David Kirkpatrick writes,

A revolt of Christian conservative leaders could be a significant setback to the Giuliani campaign because white evangelical Protestants make up a major portion of Republican primary voters. But the threat is risky for the credibility of the Christian conservative movement as well. Some of its usual grass-roots supporters could still choose to support even a pro-choice Republican like Mr. Giuliani, either because they dislike the Democratic nominee even more or because they are worried about war, terrorism and other issues.

I’m not holding my breath until Dobson et al. bolt the Republican Party. Right-wing religionists have profited mightily through its relationship with right-wing politics, and as long as fundies can deliver enough votes to swing close elections I suspect the GOP will continue to make nice with the fundies. But the bloom is off the rose.

Eve Conant wrote recently in Newsweek:

As a movement, conservative Christians have yet to get fired up about any of the leading Republican presidential candidates. There was a brief wave of enthusiasm for Fred Thompson, but that may be ebbing. One of the nation’s most influential evangelicals, James Dobson, wrote a scathing e-mail about Thompson, obtained by the Associated Press last week, in which he objected to the candidate’s opposition to a constitutional marriage amendment and said Thompson had “no passion, no zeal.” Meanwhile, Mitt Romney suffers among some evangelicals because of bias against his Mormon faith. Front runner Rudy Giuliani leaves conservative Christians particularly cold. “If the Republicans are foolish enough to nominate the pro-choice Giuliani, that will give the Democratic Party license to hunt for evangelical votes,” says [Southern Baptist Richard] Land, who has been contacted by both the Barack Obama and Hillary Clinton campaigns. “I don’t know how successful they’ll be, but at least they’ll have that license.”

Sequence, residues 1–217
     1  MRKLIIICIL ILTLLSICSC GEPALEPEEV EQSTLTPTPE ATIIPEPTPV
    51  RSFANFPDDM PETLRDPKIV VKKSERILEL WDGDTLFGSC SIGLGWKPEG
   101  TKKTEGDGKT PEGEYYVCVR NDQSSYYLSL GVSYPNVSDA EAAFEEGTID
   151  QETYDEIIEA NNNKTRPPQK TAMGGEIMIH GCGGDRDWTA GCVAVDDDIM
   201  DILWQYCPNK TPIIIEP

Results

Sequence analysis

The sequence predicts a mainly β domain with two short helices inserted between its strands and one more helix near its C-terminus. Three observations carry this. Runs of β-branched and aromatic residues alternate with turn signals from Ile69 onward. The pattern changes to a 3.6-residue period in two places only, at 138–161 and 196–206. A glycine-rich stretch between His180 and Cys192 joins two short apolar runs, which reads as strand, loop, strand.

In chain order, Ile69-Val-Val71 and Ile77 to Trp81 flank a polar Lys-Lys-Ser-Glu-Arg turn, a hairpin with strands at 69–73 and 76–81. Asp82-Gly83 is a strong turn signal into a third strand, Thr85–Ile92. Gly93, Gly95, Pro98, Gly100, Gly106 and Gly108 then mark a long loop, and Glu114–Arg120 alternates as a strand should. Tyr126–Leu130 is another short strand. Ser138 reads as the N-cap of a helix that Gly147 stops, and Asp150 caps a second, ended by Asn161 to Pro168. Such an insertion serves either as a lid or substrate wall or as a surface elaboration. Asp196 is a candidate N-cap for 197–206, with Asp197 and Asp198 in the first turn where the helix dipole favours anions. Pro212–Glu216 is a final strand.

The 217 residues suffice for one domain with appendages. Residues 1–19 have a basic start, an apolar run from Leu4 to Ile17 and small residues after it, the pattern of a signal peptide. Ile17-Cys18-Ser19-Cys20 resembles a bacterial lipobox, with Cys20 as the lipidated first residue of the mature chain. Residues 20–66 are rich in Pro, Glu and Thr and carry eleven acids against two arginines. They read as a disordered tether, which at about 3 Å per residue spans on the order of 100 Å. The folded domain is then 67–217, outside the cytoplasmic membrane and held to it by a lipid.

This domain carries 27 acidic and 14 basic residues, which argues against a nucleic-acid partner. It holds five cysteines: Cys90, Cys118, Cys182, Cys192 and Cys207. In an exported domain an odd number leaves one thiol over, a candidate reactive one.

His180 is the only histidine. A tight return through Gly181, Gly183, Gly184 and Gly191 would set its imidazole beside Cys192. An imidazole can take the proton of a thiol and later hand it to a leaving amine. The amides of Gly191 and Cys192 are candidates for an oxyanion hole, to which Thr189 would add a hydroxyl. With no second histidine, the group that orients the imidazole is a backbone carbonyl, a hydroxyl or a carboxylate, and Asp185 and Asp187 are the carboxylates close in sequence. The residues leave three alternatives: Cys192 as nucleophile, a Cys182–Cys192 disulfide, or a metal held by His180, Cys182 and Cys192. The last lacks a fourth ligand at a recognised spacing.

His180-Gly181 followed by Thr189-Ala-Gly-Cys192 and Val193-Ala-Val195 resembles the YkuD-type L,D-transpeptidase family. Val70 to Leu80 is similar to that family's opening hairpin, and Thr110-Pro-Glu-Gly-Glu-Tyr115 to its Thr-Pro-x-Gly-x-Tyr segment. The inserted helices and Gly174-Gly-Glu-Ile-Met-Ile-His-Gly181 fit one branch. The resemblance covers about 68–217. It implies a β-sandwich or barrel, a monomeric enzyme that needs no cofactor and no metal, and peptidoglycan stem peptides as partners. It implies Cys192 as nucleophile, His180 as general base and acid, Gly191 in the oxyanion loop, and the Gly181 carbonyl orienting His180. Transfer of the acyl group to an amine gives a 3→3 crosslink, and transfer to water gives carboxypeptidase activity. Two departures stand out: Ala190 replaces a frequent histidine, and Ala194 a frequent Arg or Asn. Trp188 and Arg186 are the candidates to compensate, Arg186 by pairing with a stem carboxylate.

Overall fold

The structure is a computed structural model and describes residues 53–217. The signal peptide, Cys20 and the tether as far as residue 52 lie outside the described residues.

Even if Giuliani is the nominee, I foresee Dobson and other Christianist leaders having a change of heart. At some point they’ll step forward and say they have been assured that Giuliani won’t betray Christian values in the White House. For his part, Rudy will have to engage in prodigious ass kissing to bring Dobson around, but I know he’s got it in him.

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9 Comments

8 Comments